Molecular characteristics of community-associated methicillin-resistant Staphylococcus aureus strains for clinical medicine
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- Nastaly, P., Grinholc, M. & Bielawski, K.P. Arch Microbiol (2010) 192: 603. doi:10.1007/s00203-010-0594-4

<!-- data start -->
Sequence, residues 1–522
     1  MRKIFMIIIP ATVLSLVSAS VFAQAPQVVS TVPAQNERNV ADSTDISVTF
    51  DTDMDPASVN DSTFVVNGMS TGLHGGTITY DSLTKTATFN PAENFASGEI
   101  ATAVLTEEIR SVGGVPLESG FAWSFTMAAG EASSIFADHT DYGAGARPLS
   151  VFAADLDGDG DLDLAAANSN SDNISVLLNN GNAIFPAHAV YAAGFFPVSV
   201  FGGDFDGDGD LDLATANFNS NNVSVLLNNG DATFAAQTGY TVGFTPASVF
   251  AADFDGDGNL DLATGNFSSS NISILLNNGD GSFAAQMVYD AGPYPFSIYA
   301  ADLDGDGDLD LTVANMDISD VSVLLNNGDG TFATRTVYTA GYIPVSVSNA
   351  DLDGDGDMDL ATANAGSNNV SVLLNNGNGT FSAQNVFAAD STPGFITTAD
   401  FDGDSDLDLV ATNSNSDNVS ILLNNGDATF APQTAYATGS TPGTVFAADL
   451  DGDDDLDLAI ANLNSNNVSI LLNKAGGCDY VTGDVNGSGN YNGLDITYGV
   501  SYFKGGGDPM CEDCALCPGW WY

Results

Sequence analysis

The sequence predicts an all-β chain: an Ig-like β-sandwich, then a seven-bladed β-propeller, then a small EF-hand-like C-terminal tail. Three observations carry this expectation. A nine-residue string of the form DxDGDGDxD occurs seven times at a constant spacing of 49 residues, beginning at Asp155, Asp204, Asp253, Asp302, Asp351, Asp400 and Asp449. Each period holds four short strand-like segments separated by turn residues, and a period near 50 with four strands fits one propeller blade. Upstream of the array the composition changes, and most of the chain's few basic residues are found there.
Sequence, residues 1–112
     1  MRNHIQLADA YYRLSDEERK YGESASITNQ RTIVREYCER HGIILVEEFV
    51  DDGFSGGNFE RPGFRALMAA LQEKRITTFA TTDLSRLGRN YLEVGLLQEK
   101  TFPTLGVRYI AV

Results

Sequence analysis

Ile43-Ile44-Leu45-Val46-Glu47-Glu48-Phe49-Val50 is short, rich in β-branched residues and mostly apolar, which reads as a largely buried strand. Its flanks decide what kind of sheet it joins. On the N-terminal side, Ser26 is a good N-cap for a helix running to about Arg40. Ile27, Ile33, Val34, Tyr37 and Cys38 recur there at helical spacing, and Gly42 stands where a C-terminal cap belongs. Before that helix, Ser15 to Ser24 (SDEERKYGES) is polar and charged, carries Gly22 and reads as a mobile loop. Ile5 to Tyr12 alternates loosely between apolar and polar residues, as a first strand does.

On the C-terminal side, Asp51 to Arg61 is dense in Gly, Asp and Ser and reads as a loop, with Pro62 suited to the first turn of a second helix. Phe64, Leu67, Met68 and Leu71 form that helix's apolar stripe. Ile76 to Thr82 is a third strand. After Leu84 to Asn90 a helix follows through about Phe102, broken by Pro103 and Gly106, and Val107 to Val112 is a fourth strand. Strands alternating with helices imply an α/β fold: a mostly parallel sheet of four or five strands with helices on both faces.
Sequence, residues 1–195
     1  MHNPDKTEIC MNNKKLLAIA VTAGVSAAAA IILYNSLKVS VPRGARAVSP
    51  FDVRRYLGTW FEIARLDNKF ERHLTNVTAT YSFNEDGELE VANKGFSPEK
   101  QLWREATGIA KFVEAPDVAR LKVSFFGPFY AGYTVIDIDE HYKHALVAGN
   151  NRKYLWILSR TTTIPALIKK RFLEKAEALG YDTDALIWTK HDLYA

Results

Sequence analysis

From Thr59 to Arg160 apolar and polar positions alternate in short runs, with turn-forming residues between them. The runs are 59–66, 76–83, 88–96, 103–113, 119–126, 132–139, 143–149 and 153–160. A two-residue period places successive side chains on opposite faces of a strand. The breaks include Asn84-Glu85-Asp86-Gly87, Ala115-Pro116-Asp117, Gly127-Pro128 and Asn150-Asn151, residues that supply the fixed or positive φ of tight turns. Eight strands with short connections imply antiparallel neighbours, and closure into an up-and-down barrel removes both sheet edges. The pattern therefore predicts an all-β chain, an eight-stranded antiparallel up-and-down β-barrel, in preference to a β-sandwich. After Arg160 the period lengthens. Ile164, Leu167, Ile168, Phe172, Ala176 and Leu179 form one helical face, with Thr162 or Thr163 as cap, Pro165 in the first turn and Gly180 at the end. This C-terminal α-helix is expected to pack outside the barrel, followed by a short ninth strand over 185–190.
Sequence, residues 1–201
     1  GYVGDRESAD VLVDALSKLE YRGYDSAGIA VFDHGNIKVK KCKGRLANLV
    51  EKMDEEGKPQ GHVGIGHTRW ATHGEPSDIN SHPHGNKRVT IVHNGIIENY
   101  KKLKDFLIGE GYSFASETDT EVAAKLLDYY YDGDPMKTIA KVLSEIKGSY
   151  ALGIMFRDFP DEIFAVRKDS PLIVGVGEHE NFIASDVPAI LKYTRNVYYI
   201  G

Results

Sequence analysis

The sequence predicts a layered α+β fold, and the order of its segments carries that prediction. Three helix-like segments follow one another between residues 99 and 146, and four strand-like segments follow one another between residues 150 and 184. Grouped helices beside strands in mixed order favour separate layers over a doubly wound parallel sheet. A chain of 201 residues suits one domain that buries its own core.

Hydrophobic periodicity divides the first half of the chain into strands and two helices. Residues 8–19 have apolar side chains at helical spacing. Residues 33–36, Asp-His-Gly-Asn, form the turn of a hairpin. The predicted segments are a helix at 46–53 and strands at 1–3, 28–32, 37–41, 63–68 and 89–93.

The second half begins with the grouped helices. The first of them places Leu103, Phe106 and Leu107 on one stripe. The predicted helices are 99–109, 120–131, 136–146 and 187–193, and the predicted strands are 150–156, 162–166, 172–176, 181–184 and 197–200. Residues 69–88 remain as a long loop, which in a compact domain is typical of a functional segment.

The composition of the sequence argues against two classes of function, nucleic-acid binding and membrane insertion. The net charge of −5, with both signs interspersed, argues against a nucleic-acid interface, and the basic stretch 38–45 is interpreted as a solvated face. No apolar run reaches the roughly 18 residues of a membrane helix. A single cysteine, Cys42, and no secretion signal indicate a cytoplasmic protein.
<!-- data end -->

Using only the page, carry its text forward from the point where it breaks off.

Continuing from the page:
Infections caused by methicillin-resistant S. aureus strains are mainly associated with a hospital setting. However, nowadays, the MRSA infections of non-hospitalized patients are observed more frequently. In order to distinguish them from hospital-associated methicillin-resistant S. aureus (HA-MRSA) strains, given them the name of community-associated methicillin-resistant S. aureus (CA-MRSA). CA-MRSA strains most commonly cause skin infections, but may lead to more severe diseases, and consequently the patient’s death. The molecular markers of CA-MRSA strains are the presence of accessory gene regulator (agr) of group I or III, staphylococcal cassette chromosome mec (SCCmec) type IV, V or VII and genes encoding for Panton–Valentine leukocidin (PVL). In addition, CA-MRSA strains show resistance to β-lactam antibiotics. Studies on the genetic elements of CA-MRSA strains have a key role in the unambiguous identification of strains, monitoring of infections, improving the treatment, work on new antimicrobial agents and understanding the evolution of these pathogens.